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sorting

TECHNIQUES
By…
Sukanta behera
Reg. No. 07SBSCA048
Topic overview:
 NOTES ON SORTING.

 SELECTION SORT ALGORITHM AND
EXAMPLE.

 BUBBLE SORT ALGORITHM AND
EXAMPLE.

 MERGE SORT ALGORITHM AND
EXAMPLE.

 QUICK SORT ALGORITHM AND EXAMPLE.
SORTING:
 The sorting technique asks us to rearrange
the given items of a given list in ascending
order.
 As a practical manner, we usually need to
sort lists of numbers, characters from an
alphabet, character strings, and most
important records in an institutions,
companies etc.
 For example, we can choose to sort student
Selection sort:
 Selection sort and Bubble sorting techniques are
coming under Brute Force method, which is a
straightforward approach to solving a problem’s
statement and definitions of the concepts involved.

ALGORITHM SelectionSort(A[o..n-1])
//The algorithm sorts a given array by selection sort
//Input: An array A[0..n-1] of orderable elements
//Output: Array A[0..n-1] sorted in ascending order
for i=0 to n-2 do
min=i
for j=i+1 to n-1 do
if A[j] < A[min], min=j
swap A[i] and A[min]
Bubble sort:
 Bubble sort is comes under Brute Force method. The
sorting problem is to compare adjacent elements of
the list and exchange them if they are out of order .
By doing it repeatedly, we end up “bubbling up” the
largest element to the last position of the list and vice
versa.

ALGORITHM BubbleSort(A[0..n-1])

//The algorithm sorts array A[0..n-1] by bubblesort

//Input: An array A[0..n-1] of orderable elements

//Output: Array A[0..n-1] sorted in ascending order

for i=0 to n-2 do

for j=0 to n-2-I do
Merge sort:
 Merge sort is a perfect example of a successful application of
the Divide and Conquer method. It sorts a given array A[0..n-
1] by dividing it into two halves A[0..[n/2]-1] and A[[n/2]…n-
1]. Sorting each of them recursively and then merging the two
smaller sorted arrays into a single sorted one.

ALGORITHM Mergesort(A[0..n - 1])
//Sorts array A[0..n - 1] by recursive mergesort
//Input: An array A[0..n - 1] of orderable elements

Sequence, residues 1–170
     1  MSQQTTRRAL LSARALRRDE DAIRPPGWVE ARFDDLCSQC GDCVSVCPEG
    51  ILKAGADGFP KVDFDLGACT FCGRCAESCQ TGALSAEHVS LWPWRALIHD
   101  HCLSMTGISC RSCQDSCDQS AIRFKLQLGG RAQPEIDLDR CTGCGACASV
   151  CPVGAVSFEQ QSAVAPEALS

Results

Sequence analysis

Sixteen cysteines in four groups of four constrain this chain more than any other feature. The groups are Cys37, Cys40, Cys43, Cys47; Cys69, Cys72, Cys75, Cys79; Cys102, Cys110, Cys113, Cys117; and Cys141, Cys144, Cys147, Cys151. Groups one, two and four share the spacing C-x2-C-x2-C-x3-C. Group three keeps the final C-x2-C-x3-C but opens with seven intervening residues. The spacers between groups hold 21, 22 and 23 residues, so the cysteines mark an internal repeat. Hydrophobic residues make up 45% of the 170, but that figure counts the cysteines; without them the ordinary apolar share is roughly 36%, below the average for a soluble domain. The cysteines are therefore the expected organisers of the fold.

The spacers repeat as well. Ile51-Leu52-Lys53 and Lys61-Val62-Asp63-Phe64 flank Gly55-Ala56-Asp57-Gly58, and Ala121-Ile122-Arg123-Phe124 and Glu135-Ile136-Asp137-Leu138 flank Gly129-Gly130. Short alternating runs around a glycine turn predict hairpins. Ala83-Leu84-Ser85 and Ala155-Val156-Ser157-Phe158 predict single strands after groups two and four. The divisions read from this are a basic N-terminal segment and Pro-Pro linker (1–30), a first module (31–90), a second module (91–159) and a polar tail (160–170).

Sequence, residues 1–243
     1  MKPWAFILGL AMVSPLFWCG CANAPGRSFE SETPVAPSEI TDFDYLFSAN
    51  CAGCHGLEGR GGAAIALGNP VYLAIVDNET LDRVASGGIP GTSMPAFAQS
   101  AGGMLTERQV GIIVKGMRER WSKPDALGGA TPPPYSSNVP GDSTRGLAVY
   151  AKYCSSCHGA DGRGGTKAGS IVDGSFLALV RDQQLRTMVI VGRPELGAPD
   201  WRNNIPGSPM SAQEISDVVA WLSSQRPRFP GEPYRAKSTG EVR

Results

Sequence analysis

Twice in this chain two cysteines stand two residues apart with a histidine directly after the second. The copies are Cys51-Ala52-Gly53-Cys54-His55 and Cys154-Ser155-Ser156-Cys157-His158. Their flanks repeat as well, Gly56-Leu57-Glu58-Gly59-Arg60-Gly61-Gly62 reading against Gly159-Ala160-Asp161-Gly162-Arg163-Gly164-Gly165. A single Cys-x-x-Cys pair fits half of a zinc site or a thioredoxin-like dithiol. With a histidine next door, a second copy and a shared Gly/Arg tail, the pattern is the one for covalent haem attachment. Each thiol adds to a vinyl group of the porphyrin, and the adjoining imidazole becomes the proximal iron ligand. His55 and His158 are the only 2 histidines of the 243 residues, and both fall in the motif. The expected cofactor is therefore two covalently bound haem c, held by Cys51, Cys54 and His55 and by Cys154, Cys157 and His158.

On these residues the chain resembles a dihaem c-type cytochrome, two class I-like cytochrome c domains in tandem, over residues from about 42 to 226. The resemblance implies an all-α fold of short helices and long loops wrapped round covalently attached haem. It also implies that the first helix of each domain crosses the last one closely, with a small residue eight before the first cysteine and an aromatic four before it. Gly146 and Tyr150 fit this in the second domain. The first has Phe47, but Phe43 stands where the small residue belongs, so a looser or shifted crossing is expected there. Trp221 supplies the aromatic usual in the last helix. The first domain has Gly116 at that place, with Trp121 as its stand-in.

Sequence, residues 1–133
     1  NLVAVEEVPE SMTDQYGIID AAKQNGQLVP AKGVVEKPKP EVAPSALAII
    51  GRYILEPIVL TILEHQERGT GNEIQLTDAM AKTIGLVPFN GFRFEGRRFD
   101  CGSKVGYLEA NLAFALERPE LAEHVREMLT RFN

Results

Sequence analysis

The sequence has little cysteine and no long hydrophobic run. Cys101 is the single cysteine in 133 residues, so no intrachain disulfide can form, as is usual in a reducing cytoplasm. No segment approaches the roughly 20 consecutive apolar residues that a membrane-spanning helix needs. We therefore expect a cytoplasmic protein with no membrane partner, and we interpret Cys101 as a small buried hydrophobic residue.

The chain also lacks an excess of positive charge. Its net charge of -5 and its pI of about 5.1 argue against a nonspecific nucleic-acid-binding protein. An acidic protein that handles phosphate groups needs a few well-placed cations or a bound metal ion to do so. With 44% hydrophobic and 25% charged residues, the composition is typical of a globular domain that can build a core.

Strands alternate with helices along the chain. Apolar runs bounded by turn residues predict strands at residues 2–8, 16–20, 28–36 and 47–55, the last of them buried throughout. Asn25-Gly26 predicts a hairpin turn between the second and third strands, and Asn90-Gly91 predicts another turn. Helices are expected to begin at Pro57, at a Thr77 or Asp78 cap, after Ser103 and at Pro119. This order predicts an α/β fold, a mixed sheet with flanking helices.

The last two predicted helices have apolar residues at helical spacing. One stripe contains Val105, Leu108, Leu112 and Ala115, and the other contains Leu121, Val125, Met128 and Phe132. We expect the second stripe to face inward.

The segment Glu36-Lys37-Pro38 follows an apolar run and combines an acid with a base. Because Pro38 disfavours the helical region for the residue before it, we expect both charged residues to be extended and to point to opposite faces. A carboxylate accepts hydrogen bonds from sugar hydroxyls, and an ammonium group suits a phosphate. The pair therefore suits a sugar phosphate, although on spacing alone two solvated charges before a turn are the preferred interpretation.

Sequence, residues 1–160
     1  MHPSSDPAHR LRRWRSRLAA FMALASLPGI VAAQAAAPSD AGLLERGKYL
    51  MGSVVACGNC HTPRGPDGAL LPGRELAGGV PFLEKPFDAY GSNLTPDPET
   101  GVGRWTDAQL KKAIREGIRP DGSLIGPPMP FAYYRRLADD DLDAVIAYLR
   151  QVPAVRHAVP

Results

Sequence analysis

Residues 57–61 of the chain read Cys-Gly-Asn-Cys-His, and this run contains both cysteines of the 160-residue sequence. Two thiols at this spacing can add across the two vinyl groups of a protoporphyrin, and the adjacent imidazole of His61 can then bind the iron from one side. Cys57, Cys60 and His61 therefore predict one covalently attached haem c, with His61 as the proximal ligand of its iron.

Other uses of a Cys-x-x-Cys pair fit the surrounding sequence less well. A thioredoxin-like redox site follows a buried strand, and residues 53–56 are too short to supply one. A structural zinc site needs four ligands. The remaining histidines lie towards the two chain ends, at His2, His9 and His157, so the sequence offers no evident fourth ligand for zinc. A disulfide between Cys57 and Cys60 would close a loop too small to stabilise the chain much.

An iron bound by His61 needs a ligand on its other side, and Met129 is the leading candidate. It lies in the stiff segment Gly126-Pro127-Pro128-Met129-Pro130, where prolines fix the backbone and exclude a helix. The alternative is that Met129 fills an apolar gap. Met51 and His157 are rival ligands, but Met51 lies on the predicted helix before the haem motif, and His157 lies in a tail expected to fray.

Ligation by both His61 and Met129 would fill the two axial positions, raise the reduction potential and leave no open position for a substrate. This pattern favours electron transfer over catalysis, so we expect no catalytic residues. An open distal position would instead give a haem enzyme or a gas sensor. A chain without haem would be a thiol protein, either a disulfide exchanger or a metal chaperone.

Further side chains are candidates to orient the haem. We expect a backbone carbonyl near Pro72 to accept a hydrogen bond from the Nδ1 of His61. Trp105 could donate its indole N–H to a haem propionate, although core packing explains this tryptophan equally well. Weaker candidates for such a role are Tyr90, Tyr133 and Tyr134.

// Output: Array A[0..n - 1] sorted in decreasing order
if n > 1
copy A[0..[n/2] - 1] to B[0…[n/2] - 1]
copy A[[n/2]..n - 1] to C[0…[n/2] - 1]
Mergesort (B[0..[n/2] - 1])
Mergesort (C[0..[n/2] - 1])
Merge (B, C, A)
89 45 68 90 29 34 17
12

89 45 68 90 29 34 17 12

89 68 29 17
45 90 34 12
8 4 6 9 2 3 1 1
9 5 8 0 9 4 7 2

45 68
29 34 12 17
89 90

45 68 89 90 12 17 29 34

12 17 29 34 45 68 89
90
Quick Sort:
 Quick sort is another important sorting algorithm that is
based on the Divide and Conquer method. It divides the
input elements according to their value. Specifically, it
rearranges elements of a given array A[0..n – 1] to achieve
its partition.

ALGORITHM Quicksort(A[l…r])

//Sorts a subarray by quicksort

//Input: A subarray A[l…r] of A[0..n – 1], defined by its left & right
indices

//Output: The subarray A[l…r] sorted in nondecreasing order

if l < r
ALGORITHM Partition(A[l…r])
//Partitions a subarray by using its first element as a pivot
//Input: A subarray A[l..r] of A[o…n – 1], defined by its left
and right
// indices l and r (l < r)
//Output: A partition of A[l..r], with the split position returned
as this
// function’s values
p = A[l]
i = l; j = r + 1
repeat
repeat i = i + 1 until A[i] >= p
repeat j = j - 1 until A[j] <= p
Swap(A[i], A[j])
until i >= j
swap(A[i], A[j]) //undo last swap when i >= j
swap(A[l],A[j])
0 1 2 3 4 5 6 7 0 1 2
3 4 5 6 7
5 i3 1 9 8 2 4 j7 1 2 3
4
5 3 1 i9 8 2 j4 7 1
5 3 1 i4 8 2 j9 7 3
ij4
5 3 1 4 i8 j2 9 7 i3
j4
5 3 1 4 j2 i8 9 7
4
Insertion sort:
 Insertion sort comes under Decrease and Conquer
method. In this method, we consider an application of
the decrease-by-one technique to sorting an array A[0…
n – 1].

ALGORITHM Insertionsort(A[0…n – 1])
//Sorts a given array by insertion sort
// Input: An array A[0…n – 1] of n orderable elements
// Output: Array A[0…n – 1] sorted in nondecreasing order
for i =1 to n – 1 do
v = A[i]
j=i–1
while j >= 0 and A[j ] > v do
A[j + 1] = A[j]
j=j–1
A[j + 1] = v